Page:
Film analysis is an assignment that students get excited about – before they don’t. When you’re given the task to write an analysis of a movie as homework, you’ll probably think: “Well, this will be so much fun. Who doesn’t love watching movies?” The reality is, watching a movie for fun and watching it for your class at school are not at all the same!
Soon after you get assigned this task, you’ll start thinking about what to write about, what to focus on, and how much to disclose about the movie. This makes film analysis one of the toughest academic assignments today. But, don’t worry. We can help you learn how to write film analyses that will impress your college professors!
Don’t Know How to Write Film Analysis? Here are Some Tips!
There’s a lot to pay attention to when writing an analysis of a movie. Other tasks assigned to you in your course are nothing like this. When given the task to analyze a movie, the student is expected not only to watch the movie and ramble about it. You need to watch it with utmost focus, find the smallest details, look at the big picture, and create a great piece without disclosing too much. Here is how to do this.
Use a Film Analysis Example for Inspiration
The best tip you can ever get for writing this assignment is to read a film analysis example of high quality – or a few of them. There are some quality, free essays on movies at eduzaurus that can help you greatly in this. By reading quality free essay samples, you will learn what this paper should look like, how much you need to disclose, as well as how to structure your paper. Examples are a perfect way to learn how to approach this topic, and you should start reading them before you watch the movies. This way, you’ll know what to focus on when you press ‘play’.
Decide on the Analysis Type
There are a few different types of analysis you can perform in your paper, and these determine your reviewing angle. Here is what you can choose from:
- Cultural analysis. Also known as contextual analysis, this method digs deeper than the surface of the movie. The idea is to research and discuss the cultural context, political agenda, and social context behind the movie, not just its plot.
- Narrative analysis. This type of analysis examines the narrative structure, the plot of the film, its characters, and their motives. Basically, you’d be answering: who, where, and what.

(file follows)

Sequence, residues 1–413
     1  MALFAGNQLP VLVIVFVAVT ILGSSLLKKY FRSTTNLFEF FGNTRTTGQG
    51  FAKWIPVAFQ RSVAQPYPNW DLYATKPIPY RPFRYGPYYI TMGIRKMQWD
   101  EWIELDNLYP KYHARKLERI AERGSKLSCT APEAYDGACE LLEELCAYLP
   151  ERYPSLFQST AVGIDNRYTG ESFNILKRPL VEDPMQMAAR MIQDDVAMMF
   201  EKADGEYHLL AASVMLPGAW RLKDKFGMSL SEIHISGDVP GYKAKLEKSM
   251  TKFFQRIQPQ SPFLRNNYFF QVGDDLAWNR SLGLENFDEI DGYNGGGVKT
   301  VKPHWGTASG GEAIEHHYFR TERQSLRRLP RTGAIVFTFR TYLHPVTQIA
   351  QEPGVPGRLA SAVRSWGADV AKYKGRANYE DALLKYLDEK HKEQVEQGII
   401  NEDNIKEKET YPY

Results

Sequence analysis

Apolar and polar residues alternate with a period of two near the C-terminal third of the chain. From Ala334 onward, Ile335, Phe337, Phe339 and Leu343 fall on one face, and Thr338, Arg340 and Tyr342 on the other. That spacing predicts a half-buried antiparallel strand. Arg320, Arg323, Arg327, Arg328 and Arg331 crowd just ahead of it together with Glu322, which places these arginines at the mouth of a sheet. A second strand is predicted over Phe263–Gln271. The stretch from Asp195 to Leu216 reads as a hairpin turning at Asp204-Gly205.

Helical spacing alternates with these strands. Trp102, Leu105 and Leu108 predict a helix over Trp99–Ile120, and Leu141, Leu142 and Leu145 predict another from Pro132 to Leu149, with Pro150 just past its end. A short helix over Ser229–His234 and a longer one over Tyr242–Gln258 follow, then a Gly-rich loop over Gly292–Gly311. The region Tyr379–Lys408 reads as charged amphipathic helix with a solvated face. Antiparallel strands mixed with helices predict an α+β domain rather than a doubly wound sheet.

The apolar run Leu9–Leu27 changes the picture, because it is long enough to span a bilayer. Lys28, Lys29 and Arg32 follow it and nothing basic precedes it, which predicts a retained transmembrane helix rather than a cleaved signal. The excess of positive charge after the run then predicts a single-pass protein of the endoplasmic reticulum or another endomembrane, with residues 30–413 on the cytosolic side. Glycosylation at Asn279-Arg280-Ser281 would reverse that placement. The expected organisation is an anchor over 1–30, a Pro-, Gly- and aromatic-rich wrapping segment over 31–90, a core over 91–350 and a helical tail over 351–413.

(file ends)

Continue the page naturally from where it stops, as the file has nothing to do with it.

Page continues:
- Semiotic analysis. The semiotic approach discusses the hidden meanings behind the symbols in the movie. If you’re watching a movie with rich symbolism, this might just be the best way to approach it.
- Mise-en-scene analysis. Lastly, this approach focuses on the lighting, background, soundtrack, and other visual and audio elements. It’s not just about noticing them and writing about them – it’s also about discussing their meaning and how they fit the plot and support it.
Follow a Very Specific Structure
Unlike most academic papers, your film analysis is not an introduction, body paragraphs, and a conclusion. Here is what you need to include in it:
- The Introduction
The film analysis’s introduction includes fundamental information about what you were watching. In this part, you’ll introduce the title, the name of the director, its release date, etc. You might want to include some background information too, as well as a hook to make the reader interested in learning more about the film.
- The Summary
Now, this is the interesting part – you summarize the movie as part of the body of your paper. When you present the main facts and introduce them, it’s time to delve deeper into it. Depending on what type of analysis you chose, you’ll summarize the details related to it – but not discuss them just yet.
The idea is to share the things you found without oversharing. Assume that the reader hasn’t seen the movie, so don’t add spoilers to your writing. Write about the who, what, where, when, why, or/and how.
- The Analysis
This is the most important part of your essay, the critical analysis you have for the film and your impressions of it. Every impression you share should be supported by claims, quotes, and other relevant material.
In this part, analyze things like the scenario, directing, visual elements, musical elements, as well as acting.
The conclusion is similar to that of essays. In it, re-state your thesis and summarize the concepts, and perhaps add another incentive or a quote to convince the reader to play the movie right away.
Writing a film analysis can be fun if you know what to focus on and how to approach it. Hopefully, this guide helped you master this part.